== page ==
Of course.

    The problem with saying they "failed to register as a foreign agent" is that that law only applies to people inside the United States. Someone sitting in Russia talking on the internet is not subject to that law.

    This makes it blatantly obvious that you're not actually familiar with the charges. You just read something about people posting on the Internet under fake names and leaped to the conclusion that this is all they did and formed the basis for the charges, because it makes Mueller and the investigation look bad. Several of the people charged did in fact enter the United States to carry out their activities, hence the immigration fraud charges, along with the failing to register and illegal expenditures. Actually read the link I gave, people absolutely can be charged with conspiracy against the United States for participation in those crimes.

  • John||

    Several of the people charged did in fact enter the United States to carry out their activities, hence the immigration fraud charges, along with the failing to register and illegal expenditures.

    I am aware fo that. But not all of them did. And that doesn't get around the problem of why it is fraud for a foreign national to do something but not an American. Moreover, registering as a foreign agent means you are lobbying the government. By Mueller's logic every foreign national who comments on the election should have to register as a foreign agent.

    Set aside your hatred for Trump and just think about it objectively. And explain to me how someone is guilty of immigration fraud because they didn't disclose everything they planned to do here when they entered? If you think these charges are so great, think about how easily they could be applied to other aliens and get back to me.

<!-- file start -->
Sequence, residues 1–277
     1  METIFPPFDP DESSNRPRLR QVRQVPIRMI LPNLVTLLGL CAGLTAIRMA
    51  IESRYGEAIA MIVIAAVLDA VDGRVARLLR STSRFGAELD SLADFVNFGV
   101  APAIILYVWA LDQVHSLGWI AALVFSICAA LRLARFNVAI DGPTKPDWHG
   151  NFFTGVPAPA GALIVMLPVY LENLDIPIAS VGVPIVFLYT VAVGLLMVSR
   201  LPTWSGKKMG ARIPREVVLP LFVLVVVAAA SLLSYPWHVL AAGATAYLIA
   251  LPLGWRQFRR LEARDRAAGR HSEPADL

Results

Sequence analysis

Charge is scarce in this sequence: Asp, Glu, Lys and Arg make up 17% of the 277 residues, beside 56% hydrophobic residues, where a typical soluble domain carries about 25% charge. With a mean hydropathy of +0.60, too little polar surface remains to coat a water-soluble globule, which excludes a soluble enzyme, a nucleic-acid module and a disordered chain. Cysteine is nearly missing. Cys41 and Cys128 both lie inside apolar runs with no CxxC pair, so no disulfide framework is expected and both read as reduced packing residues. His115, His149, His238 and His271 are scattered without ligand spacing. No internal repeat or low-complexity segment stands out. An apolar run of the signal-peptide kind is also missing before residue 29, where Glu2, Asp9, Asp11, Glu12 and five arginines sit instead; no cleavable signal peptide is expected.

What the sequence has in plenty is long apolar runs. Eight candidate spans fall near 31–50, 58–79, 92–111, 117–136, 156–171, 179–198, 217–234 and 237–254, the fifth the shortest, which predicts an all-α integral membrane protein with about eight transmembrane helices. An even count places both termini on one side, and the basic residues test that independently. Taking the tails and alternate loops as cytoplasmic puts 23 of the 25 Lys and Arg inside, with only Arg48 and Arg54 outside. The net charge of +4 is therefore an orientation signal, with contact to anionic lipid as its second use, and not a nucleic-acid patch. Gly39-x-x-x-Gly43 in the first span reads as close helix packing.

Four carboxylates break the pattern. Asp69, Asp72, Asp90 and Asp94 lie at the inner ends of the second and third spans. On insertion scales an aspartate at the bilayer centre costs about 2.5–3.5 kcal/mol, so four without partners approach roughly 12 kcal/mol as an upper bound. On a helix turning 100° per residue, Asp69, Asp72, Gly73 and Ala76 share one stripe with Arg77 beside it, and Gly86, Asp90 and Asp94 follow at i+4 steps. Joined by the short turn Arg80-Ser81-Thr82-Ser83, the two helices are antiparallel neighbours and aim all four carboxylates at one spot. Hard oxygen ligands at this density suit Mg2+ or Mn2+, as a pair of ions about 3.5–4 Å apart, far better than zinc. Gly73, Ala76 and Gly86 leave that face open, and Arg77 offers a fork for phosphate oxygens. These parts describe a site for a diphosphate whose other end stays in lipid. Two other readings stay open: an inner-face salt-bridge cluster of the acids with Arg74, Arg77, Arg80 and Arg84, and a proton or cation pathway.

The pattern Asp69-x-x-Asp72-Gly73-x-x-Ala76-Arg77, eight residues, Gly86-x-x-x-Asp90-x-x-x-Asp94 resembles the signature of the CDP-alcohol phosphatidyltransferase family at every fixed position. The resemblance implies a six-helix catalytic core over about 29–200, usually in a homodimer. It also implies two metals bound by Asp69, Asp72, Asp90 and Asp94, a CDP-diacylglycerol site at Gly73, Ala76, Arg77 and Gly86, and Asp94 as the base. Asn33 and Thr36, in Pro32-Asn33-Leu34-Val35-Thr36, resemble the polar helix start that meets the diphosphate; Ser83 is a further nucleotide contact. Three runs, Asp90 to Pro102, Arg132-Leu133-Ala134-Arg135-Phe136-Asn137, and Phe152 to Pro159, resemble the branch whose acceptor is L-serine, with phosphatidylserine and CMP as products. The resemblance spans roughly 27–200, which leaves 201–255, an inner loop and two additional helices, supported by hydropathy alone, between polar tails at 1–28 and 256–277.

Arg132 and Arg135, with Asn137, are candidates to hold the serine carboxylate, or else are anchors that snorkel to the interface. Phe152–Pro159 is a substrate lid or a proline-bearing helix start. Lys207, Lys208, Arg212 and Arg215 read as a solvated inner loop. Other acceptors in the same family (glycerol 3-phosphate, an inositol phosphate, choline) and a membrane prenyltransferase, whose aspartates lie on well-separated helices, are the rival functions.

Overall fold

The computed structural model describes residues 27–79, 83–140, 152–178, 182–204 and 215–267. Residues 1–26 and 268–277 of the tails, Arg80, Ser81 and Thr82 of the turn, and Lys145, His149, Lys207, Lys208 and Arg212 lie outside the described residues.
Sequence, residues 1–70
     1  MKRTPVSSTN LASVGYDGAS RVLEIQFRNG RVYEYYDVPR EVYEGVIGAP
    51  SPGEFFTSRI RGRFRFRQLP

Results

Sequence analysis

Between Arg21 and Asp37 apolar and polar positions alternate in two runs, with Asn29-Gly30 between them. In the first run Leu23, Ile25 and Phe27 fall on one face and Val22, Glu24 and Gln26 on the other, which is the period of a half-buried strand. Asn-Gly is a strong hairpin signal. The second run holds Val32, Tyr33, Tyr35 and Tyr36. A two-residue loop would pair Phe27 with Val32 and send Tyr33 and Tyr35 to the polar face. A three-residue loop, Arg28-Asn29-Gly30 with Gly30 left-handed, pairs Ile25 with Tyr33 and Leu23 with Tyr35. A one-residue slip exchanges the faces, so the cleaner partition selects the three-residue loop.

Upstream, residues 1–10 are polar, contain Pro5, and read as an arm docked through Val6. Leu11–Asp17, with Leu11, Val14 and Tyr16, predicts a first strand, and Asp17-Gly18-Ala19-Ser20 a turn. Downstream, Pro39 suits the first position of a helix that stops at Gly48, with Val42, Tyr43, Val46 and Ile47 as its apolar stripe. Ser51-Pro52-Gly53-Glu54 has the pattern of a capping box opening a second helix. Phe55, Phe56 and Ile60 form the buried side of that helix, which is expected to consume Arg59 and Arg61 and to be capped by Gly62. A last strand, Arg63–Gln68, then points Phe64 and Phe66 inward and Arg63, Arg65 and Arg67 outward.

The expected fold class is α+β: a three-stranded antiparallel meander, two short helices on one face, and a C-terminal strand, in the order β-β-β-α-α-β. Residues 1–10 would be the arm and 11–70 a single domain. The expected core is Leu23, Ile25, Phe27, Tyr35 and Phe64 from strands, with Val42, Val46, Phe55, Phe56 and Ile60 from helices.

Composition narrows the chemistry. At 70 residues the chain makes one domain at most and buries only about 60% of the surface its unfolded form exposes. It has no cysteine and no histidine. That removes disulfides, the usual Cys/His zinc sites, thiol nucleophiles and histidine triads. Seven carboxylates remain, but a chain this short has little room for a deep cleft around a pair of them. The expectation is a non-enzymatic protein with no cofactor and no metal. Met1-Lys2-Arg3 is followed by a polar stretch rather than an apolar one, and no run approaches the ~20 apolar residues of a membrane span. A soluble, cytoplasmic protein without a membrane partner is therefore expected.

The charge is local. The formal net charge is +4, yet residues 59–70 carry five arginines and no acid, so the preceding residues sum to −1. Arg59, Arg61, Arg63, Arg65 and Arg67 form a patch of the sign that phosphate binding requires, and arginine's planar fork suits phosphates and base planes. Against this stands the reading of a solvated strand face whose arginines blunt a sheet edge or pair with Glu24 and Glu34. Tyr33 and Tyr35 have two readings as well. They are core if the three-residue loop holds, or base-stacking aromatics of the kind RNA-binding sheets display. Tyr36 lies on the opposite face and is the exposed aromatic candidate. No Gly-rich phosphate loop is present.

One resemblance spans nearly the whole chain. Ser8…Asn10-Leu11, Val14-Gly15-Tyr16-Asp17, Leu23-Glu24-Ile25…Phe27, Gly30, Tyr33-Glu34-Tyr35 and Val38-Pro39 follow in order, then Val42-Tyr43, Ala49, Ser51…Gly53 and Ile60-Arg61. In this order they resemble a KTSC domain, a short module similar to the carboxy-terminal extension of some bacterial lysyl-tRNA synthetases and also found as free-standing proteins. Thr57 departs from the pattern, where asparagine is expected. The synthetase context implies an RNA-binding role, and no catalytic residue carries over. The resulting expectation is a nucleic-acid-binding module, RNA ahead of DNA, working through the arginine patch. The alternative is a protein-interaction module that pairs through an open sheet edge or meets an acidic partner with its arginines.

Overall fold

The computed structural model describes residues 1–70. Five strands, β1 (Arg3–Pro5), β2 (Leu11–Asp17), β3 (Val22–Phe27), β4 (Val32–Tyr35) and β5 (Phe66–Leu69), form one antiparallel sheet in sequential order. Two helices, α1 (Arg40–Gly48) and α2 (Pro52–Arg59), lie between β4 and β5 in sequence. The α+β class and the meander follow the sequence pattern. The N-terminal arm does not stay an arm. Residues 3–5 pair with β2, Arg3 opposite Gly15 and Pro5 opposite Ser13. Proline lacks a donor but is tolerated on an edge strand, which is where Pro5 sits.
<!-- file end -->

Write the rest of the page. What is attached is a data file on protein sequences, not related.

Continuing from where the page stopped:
It is clear you just hate Trump and will buy into anything as long as it damages him. I would ask you to consider the larger consequences of these legal theories. They won't just be applied in cases involving Trump. And that should bother you.

  • Calidissident||

    Before I answer the rest of your argument, what does Trump have to do with this argument? Just because the overall special counsel investigation involves him? None of the charges we are talking about here have anything to do with Trump or anyone associated with him, nothing to do with collusion, etc. Instead of accusing everyone who disagrees with you on anything of being blinded by hatred of Trump, maybe consider that you're the one blinded by your support for him.

    And that doesn't get around the problem of why it is fraud for a foreign national to do something but not an American

    What specific fraud are you talking about here? The bank/wire/identity fraud would be fraud regardless of who did it. I don't think I need to explain why immigration fraud wouldn't be something an American would worry about, aside from naturalized citizens, who it could still apply to. Campaign finance laws explicitly prohibit expenditures by foreign nationals (exempting dual citizens and permanent residents), Mueller isn't creating some new standard there. And even expenditures by Americans have all sorts of reporting and disclosure requirements.

  • Calidissident||

    Moreover, registering as a foreign agent means you are lobbying the government. By Mueller's logic every foreign national who comments on the election should have to register as a foreign agent.

    A foreigner just giving their opinion doesn't have to register as a foreign agent, and never has. If you are working on behalf of a foreign government or entity then you do. Again, that's not some new standard Mueller invented, that's how the law has worked historically.

    And explain to me how someone is guilty of immigration fraud because they didn't disclose everything they planned to do here when they entered?